Triboelectric and Piezoelectric Properties of Nanomaterials for Self-Powered Electronics

Speaker: Prof. Sang-Woo-Kim(Sungkyunkwan University)

Title: Triboelectric and Piezoelectric Properties of Nanomaterials for Self-Powered Electronics

Time: 10:00 AM, July 3th 

Location: 909-B, Dushu Lake Campus

Abstract:
Energy harvesting systems based on piezoelectric and triboelectric nanomaterials are in great demand, as they can provide routes for the development of self-powered devices which are highly flexible, stretchable, mechanically durable, and can be used in a wide range of applications. Our recent research interest mainly focuses on the fabrication of piezoelectric and triboelectric power generators based on various kinds of nanomaterials. Flexible generators exhibit good performances and are easy to integrate which make it the perfect candidate for many applications, and therefore crucial to develop. In this presentation, I firstly introduce the fundamentals and possible device applications of piezoelectric and triboelectric nanogenerators, including their basic operation modes. Then the different improvement parameters will be discussed. As main topics, I will present a couple of recent achievements regarding highly stretchable piezoelectric-pyroelectric hybrid generators, transparent flexible triboelectric nanogenerators, textile-based wearable triboelectric nanogenerators, highly robust nanogenerators with a shape memory function etc. The recent research and design efforts for enhancing power generation performance of nanogenerators to realize self powering of portable and wearable sensors and electronics will also be discussed in this talk. In addtion, I will address a high performance inertia driven triboelectric nanogenerator based on body motion and gravity. The packaged device has successfully harvested around 144 mW during day time in preclinical test, and real-time output voltage data is monitored via Bluetooth low energy information transmit system.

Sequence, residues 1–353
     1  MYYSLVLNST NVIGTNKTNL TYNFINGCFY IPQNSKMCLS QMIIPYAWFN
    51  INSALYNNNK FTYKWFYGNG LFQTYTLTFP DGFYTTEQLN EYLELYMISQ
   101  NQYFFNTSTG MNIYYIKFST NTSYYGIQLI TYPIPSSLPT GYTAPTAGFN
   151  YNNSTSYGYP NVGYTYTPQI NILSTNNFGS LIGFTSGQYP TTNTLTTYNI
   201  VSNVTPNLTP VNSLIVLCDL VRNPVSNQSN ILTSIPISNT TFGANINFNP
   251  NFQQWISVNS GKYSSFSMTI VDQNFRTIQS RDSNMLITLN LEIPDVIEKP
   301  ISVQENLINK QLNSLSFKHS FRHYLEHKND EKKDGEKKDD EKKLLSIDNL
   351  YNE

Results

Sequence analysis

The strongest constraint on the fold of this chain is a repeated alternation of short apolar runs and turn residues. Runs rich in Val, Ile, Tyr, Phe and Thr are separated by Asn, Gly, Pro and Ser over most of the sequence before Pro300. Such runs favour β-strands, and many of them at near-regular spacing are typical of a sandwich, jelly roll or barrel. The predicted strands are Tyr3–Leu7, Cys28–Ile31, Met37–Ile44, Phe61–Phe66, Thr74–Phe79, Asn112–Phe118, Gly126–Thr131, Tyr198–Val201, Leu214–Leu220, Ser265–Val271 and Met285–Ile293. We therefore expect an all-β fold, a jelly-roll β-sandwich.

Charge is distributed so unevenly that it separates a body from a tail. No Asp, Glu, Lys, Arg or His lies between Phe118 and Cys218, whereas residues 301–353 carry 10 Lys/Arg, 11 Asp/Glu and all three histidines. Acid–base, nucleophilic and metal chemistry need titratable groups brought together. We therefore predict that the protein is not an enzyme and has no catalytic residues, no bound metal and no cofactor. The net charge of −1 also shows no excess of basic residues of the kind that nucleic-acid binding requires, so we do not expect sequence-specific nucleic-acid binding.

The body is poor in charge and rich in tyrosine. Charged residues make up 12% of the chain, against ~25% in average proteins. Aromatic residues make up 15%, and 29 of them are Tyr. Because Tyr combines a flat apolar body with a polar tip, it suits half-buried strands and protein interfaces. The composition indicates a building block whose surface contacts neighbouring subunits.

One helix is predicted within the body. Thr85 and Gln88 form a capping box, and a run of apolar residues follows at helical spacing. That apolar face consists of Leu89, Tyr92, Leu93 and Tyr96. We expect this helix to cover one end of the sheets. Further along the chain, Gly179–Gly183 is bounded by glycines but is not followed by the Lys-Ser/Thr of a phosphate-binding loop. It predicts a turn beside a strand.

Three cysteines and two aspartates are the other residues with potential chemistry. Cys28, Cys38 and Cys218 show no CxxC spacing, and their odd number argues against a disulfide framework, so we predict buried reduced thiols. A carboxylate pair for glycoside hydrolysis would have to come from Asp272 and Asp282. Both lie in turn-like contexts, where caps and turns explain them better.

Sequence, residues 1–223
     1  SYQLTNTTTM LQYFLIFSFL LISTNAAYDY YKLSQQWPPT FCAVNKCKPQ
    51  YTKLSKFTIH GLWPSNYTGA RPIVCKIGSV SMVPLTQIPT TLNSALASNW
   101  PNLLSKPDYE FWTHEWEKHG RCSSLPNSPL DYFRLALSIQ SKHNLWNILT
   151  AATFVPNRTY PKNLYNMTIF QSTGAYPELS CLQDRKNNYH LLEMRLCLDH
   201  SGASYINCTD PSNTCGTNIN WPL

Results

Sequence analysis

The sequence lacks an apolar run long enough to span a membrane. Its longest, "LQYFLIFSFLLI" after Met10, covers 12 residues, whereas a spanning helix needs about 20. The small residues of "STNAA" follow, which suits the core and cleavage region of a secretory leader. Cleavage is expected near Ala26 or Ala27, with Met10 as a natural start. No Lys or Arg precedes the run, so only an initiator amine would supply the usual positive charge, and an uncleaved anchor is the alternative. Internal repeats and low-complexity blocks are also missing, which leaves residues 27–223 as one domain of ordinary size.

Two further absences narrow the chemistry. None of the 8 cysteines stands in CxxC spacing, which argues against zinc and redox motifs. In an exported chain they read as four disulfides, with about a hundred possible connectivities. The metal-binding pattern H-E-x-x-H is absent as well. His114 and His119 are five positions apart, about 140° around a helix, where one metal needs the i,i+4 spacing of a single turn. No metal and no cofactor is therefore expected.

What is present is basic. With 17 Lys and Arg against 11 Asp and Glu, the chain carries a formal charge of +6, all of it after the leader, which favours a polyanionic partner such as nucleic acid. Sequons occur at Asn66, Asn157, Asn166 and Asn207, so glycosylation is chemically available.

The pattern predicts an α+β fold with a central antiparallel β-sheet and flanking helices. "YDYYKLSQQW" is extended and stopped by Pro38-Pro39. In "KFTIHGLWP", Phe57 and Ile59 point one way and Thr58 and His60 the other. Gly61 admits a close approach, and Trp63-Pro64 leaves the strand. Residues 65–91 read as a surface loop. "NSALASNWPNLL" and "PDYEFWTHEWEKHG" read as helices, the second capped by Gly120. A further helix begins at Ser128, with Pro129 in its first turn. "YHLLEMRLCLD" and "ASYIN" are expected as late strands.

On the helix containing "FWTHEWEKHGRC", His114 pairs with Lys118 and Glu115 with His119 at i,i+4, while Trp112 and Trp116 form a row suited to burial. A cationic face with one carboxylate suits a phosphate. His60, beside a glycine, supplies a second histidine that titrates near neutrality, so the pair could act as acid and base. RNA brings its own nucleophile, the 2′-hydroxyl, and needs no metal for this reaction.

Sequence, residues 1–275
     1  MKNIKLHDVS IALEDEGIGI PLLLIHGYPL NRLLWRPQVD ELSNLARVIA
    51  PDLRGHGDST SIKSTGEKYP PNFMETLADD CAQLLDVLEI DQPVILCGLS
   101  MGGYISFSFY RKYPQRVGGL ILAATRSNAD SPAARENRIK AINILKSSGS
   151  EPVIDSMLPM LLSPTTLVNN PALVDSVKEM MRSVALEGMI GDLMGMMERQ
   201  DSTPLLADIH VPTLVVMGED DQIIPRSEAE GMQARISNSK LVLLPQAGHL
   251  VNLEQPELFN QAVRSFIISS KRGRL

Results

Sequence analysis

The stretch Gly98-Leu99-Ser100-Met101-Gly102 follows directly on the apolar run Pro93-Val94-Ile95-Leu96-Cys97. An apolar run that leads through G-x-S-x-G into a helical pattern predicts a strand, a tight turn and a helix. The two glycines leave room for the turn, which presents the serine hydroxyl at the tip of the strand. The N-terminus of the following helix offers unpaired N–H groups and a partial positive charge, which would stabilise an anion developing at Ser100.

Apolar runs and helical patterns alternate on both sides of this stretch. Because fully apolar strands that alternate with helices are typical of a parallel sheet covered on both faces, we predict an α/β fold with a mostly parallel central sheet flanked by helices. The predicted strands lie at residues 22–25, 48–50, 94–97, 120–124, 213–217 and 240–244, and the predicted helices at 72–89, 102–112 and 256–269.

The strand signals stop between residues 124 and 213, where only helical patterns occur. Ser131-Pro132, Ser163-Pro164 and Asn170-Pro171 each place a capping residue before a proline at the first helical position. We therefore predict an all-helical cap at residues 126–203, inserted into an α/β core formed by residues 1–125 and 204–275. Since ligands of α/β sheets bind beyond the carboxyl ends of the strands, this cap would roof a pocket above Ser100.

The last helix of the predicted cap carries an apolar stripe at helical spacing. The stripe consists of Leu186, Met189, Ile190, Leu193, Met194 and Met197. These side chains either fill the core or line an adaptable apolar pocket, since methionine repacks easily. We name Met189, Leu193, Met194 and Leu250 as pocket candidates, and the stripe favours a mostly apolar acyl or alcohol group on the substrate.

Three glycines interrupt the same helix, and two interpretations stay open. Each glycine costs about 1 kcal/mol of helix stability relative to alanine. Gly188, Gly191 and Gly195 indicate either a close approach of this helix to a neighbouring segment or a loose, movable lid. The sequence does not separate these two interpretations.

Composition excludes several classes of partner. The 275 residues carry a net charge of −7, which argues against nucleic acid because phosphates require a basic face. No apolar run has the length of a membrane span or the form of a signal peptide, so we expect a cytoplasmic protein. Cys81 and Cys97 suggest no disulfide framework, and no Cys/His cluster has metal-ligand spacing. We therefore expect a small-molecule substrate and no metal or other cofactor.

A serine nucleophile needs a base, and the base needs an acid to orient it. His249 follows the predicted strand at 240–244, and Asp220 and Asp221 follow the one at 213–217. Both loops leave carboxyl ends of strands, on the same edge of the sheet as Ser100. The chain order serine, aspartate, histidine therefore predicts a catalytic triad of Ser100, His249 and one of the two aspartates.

As the second topic, I am going to introduce a graphene tribotronic touch sensor which is based on coplanar coupling of a single electrode mode triboelectric nanogenerator (S-TENG) and a graphene FET. When any object (e.g. human finger) comes into contact with friction layer of the S-TENG, the charges are produced due to well-known triboelectric effect. The triboelectric charges act as a gate bias to the graphene FET and modulates its current transport. The tribotronic sensors have displayed a sensitivity of ~2% kPa-1, a limit of detection <1 kPa, and a response time of ~30 ms. Furthermore, the devices can effectively detect touch stimuli from both bare and gloved fingers which can be a limitation with capacitive touch screens. Finally I will introduce tunneling-triboelectrification for defining on demand rewritable ghost floating gates below graphene with the extraordinary spatial resolution of AFM. Tunneling-triboelectrification is the friction-induced tunneling of charges through graphene and their accurate localization on the insulator underneath the graphene. The charges injected by tunneling-triboelectrification exhibit impressively long lifetimes. After tunneling-triboelectrification, the charges very effectively controlled the properties of the graphene, thus behaving as immaterial, charges-only, ghost floating gates which can be repeatedly created, modified or destroyed.

Biography:
Dr. Sang-Woo Kimis a full professor and SKKU Fellow in the Department of Advanced Materials Science and Engineering at Sungkyunkwan University (SKKU). He received a Ph.D. in Electronic Science and Engineering from Kyoto University in 2004. After working as a postdoctoral researcher at Kyoto University and University of Cambridge, he spent 4 years as an assistant professor at Kumoh National Institute of Technology. He joined SKKU in 2009.He recently receivedMCARE 2016 Award (ACerS-KIChE), The Republic of Korea President’s Award for Scientific Excellence (2015), National Top 100 Research Award (2015), etc. His recent research interest is focused on piezoelectric/triboelectric nanogenerators, photovoltaics, and 2D materials including graphene, h-BN, and TMDs. He has published over 200 research papers (h-index of 54) and holds over 100 domestic/international patents. Now he is a director of SAMSUNG-SKKU Graphene/2D Research Center and is leading National Research Laboratory for Next Generation Hybrid Energy Harvester. He is currently serving as an Associate Editor of Nano Energy (Elsevier) and an Executive Board Member of Advanced Electronic Materials (Wiley).